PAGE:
Also, the accuracy of dedicated devices. Are they really superior? I cannot qualify this but I imagine smartphone GPS technology is pretty darn good considering how excellent iPhone's 'Find My Phone' feature is. To within a metre would be my unscientific guess.
  • tgotbtgotb Posts: 4,714
    The £45 one, does it offer turn by turn? If so, I might get one.
    If you want turn-by-turn navigation, including the ability to calculate a route for you (as opposed to uploading a pre-planned route), a phone may actually be the best bet. This is because you can leverage Google Maps, which probably has the best routing algorithm out there (especially when you consider it has the best live traffic data).

    My Garmin 800, which is great for all the stuff I need - basically all the non-navigation features - seems to be pretty rubbish at calculating a route; the Garmin satnav in my car is better, but still makes some howlers (I suspect because it assumes I can drive at exactly the speed limit on every road) and seems to have a very lazy routing algorithm; my old TomTom was better, but Google Maps is way ahead. If I'm riding an unfamiliar route I prefer to use a map, rather than a tool that gives me directions, but even then I'll have it on my phone. Some of the newer bike computers may be better, but most of my riding is on familiar roads, so it's not something I need very often.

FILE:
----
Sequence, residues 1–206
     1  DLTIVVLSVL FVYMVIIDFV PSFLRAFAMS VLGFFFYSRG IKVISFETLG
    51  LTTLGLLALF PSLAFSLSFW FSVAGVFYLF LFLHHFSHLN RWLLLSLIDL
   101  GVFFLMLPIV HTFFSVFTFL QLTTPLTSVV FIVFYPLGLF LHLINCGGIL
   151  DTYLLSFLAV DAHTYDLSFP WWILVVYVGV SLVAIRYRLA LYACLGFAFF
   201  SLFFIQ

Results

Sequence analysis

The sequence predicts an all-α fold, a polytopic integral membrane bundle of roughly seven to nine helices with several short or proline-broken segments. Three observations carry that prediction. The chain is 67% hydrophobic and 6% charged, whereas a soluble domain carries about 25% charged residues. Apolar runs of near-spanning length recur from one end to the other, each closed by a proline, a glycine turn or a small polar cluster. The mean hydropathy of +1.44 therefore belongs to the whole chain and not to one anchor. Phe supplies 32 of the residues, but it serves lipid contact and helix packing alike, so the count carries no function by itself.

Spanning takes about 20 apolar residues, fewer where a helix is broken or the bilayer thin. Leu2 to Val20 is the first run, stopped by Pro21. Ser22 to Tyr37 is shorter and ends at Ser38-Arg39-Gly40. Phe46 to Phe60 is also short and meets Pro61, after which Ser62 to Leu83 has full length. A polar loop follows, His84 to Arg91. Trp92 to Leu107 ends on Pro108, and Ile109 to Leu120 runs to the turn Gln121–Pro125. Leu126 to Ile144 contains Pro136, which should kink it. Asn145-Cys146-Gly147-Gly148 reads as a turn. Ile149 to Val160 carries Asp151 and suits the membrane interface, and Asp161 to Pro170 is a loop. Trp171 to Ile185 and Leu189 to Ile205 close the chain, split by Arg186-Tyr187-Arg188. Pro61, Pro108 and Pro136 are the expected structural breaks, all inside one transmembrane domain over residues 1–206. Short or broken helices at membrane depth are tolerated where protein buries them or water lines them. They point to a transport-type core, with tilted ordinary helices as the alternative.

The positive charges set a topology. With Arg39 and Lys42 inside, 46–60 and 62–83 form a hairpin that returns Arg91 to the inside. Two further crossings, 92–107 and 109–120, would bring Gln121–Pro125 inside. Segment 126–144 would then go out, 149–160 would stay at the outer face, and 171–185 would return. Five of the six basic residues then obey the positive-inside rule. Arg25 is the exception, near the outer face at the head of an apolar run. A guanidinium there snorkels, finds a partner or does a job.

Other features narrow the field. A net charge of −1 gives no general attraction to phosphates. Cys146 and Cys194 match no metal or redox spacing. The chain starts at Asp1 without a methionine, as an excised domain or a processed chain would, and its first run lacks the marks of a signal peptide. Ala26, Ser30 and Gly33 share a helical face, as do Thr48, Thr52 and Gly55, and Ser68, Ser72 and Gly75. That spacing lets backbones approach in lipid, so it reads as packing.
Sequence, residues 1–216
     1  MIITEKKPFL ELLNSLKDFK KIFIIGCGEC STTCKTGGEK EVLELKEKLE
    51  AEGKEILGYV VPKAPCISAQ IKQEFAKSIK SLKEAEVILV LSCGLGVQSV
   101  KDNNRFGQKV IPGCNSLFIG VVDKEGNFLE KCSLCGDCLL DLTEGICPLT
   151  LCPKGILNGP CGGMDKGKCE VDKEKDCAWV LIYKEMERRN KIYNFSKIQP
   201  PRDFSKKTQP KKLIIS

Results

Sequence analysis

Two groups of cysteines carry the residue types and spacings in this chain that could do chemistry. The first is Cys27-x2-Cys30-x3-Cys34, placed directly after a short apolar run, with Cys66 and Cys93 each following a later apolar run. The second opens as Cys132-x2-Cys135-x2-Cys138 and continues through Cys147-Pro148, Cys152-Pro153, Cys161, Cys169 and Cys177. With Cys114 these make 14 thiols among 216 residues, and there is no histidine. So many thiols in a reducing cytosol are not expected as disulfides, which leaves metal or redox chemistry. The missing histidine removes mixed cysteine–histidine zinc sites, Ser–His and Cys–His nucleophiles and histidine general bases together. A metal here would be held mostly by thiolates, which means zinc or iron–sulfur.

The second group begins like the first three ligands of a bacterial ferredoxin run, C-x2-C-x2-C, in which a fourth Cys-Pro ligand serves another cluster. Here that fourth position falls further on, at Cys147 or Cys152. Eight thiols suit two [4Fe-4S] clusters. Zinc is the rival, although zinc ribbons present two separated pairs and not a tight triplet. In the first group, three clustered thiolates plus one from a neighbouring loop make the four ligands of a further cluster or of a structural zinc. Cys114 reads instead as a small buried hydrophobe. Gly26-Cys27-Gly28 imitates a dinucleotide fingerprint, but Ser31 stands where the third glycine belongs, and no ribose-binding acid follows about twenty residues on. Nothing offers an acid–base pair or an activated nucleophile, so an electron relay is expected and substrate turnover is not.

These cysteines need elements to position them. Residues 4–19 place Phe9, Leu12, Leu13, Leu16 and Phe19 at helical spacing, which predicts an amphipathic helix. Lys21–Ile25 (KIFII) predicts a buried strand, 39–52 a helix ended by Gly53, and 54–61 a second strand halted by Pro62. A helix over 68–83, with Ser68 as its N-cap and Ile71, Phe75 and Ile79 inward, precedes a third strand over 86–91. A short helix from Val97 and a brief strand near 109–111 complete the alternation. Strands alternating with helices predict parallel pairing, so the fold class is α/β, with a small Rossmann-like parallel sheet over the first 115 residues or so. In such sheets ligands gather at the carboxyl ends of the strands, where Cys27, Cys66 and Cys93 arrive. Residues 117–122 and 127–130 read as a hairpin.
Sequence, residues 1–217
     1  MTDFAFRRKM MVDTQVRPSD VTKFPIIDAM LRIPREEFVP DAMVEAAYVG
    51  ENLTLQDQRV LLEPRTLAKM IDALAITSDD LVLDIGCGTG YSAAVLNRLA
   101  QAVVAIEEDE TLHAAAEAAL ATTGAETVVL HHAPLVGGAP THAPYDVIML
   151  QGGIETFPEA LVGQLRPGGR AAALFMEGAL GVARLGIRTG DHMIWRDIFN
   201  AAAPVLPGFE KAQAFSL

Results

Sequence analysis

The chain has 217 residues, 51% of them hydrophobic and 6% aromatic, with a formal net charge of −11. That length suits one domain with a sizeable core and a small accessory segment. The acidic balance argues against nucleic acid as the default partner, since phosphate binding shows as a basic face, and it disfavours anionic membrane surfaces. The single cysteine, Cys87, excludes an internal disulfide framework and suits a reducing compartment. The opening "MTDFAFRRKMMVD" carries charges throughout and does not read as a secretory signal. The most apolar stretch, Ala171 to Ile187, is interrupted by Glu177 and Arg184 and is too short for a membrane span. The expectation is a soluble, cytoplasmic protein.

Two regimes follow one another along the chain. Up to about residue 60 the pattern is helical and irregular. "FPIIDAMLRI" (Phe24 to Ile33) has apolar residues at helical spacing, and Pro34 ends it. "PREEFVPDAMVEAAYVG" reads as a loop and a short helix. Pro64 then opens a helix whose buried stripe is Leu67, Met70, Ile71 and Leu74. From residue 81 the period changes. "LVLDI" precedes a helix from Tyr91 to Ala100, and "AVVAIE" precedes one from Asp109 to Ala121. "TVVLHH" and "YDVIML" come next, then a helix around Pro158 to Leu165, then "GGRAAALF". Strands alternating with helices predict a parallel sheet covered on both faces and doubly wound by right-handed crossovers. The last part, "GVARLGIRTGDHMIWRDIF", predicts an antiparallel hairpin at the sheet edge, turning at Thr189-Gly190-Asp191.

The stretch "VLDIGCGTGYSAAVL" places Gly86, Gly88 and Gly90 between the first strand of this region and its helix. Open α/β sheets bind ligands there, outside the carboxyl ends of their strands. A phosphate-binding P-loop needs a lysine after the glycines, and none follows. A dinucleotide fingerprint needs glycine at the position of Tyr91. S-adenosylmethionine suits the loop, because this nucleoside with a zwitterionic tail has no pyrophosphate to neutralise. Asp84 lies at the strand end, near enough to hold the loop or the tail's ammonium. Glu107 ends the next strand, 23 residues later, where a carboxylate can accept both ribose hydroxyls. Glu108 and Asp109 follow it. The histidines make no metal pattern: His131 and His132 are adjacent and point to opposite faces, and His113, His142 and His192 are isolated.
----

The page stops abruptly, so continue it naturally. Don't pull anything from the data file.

The point about my Swiss army knife analogy is that if you use something frequently enough (can opener, kitchen knife) it's much easier to justify getting a dedicated device. If you don't think you need it (eg the Swiss army corkscrew is good enough) then you don't need it. That's why I stop and get my phone out of my pocket if I want to look at the map; it's not the most elegant solution, but it's good enough for me.

    The other point about cycle computers is that a lot of us have been using them, in one form or another, since the time when your phone lived on a table in the hallway and was plugged into the wall. For us, the question might be, "Why would I replace the purpose-built computer on my handlebars with a telephone?"
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  • mrfpbmrfpb Posts: 4,481